This was a big one that I’ve been working on for a while. At the beginning of the year I started taking stand up comedy classes, which includes an end of term stand up show.
Stand up has been on my list of things to do for a long time, but I felt I needed the guidance and push of a class (or at the very least, a deadline) to get started. I had heard of Comedy Girl classes (a stand up class for women only) and decided to sign up. I ended up doing a co-ed class, purely because of my schedule, which was fine by me.
As it turns out, the more work you put into this class, the more you get out of it. Strange, that seems so similar to so many things in life. And yet, of course, I was so good at procrastinating that I put in the absolute minimum amount of work required from me. I’m sure there’s a life lesson in there somewhere, but I can’t find it right now because I’m quite busy – Facebook isn’t going to stalk itself.
Even though I feel like I could have worked harder throughout the seven weeks of class, I think my show went fairly well. I had a solid 3:30 minutes of material, and got quite a few laughs.
During the class, Dawn Whitwell, the amazing and talented teacher, told us that it’s always good to have a bit of nerves before a show, so that you aren’t too relaxed and care-free on stage (you have to work for it). The problem was, I was somehow way too relaxed leading up to the show. I had rehearsed my material all day, and had confidently memorized everything. But nerves eluded me.
This fact alone should have made me anxious, but it didn’t. During rehearsal, I was so relaxed that I messed up most of my material, couldn’t remember the order of my jokes, and overall did exceptionally poorly. Because of this (I’m pretty sure) I was put third in the line up (while stronger performers were put later in the show). While I was a little disappointed by this, it acted as incentive for me to work harder and prove that I could be funny.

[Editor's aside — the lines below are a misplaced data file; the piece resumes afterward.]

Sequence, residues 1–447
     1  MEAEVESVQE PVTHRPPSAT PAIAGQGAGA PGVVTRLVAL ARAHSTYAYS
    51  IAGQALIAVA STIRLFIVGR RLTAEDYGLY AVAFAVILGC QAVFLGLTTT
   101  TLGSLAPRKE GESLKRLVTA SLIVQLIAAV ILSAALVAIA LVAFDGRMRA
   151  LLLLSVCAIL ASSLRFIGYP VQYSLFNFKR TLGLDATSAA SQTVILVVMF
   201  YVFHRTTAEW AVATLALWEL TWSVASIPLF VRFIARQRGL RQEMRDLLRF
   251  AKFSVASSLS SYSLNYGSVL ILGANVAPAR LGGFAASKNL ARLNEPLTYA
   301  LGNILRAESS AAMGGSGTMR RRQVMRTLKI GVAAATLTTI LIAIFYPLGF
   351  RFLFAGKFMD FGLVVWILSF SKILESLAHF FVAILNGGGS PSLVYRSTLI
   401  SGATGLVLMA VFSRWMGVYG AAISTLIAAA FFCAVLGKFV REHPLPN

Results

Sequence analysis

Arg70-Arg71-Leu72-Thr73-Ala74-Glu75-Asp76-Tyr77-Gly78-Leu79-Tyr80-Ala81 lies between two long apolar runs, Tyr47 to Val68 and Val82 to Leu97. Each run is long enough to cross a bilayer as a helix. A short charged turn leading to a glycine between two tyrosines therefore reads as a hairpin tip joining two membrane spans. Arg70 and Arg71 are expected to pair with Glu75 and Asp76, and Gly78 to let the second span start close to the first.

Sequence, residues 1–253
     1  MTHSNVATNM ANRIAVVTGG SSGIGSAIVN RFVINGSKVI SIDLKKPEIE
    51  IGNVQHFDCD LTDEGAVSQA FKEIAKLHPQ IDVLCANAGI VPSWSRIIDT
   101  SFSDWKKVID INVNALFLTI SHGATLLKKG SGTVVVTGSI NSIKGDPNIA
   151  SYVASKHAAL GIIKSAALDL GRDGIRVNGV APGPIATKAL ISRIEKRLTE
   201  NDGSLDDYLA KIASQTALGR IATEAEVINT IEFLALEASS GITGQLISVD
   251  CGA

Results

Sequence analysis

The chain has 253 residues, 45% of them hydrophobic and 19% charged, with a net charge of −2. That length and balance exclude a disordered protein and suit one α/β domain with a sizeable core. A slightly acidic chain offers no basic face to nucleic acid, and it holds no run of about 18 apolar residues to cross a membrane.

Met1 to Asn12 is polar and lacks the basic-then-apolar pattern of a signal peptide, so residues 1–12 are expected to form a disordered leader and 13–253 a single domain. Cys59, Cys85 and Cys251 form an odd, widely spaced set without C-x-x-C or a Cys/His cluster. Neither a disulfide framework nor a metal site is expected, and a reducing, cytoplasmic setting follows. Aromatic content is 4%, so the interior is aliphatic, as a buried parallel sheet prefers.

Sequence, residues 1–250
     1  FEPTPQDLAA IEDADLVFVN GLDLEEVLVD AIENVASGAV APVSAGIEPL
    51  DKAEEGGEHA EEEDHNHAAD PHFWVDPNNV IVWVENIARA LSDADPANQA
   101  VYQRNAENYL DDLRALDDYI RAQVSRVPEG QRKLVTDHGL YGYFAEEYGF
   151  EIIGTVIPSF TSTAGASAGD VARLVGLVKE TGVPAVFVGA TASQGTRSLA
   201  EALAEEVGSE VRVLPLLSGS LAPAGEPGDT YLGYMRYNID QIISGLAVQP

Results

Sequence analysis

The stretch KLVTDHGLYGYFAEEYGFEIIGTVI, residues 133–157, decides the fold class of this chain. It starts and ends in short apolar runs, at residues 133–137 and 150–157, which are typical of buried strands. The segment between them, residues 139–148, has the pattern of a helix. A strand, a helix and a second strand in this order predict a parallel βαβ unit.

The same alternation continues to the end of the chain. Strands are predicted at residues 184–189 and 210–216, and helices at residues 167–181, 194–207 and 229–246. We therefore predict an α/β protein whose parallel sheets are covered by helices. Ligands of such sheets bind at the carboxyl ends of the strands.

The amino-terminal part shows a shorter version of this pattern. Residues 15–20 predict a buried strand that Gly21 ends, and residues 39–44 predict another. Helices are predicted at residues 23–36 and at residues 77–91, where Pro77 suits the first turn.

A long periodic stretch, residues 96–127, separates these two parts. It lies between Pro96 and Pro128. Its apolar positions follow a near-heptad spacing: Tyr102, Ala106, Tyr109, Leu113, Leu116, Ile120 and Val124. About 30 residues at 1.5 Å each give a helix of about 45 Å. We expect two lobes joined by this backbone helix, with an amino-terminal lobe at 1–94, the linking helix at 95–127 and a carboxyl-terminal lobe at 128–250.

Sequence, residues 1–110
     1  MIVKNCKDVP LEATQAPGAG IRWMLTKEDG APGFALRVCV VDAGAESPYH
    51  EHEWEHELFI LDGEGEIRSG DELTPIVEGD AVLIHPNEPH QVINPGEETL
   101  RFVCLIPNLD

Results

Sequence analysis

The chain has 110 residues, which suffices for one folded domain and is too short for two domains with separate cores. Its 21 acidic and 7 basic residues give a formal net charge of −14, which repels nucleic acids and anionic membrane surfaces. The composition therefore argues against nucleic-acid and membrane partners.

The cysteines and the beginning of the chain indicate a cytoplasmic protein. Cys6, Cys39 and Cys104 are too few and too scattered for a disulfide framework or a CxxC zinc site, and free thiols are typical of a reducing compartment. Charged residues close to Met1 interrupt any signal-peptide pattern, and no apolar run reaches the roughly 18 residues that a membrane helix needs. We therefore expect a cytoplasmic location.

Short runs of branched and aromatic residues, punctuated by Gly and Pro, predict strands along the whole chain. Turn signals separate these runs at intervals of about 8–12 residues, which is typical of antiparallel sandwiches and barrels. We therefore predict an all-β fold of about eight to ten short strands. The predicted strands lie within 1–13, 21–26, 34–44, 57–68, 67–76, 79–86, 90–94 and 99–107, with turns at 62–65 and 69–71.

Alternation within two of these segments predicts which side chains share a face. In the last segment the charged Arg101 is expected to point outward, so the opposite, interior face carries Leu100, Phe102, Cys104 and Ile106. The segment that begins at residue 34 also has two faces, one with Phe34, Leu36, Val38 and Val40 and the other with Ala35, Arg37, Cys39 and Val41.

A few days before my stand up debut, I had an interview for a tour guide position. The person interviewing me had done stand up before, and gave me some good advice. He said to tell the audience the material like I was delivering a tour. I’ve done many tours, so that wouldn’t be too difficult at all.
Listening to the first couple of acts in the show (everyone in the show was from the class), I realized that speed is pretty gosh darn important for stand up. Go too slow, and the audience gets ahead of you or gets bored. Go too fast and no one can understand what you’re saying. I think that part of my problem in rehearsal (besides being unable to remember what came next), was that I was speaking far too slowly.
About five minutes before I was due to be on stage, I got nervous. Success! If nothing else, those nerves boosted my confidence. I went up on stage and delivered my material like a tour to a sea of black (I couldn’t see anyone because of the stage lights), and got some nice laughs. It also helped that I had written down a show order on a post-it and brought that on stage with me.
I would like to continue with this but I know myself, and I know I won’t have motivation without a deadline. Fortunately there’s a level 2 class, which I will be signing up for. And I plan to actually work hard in this one.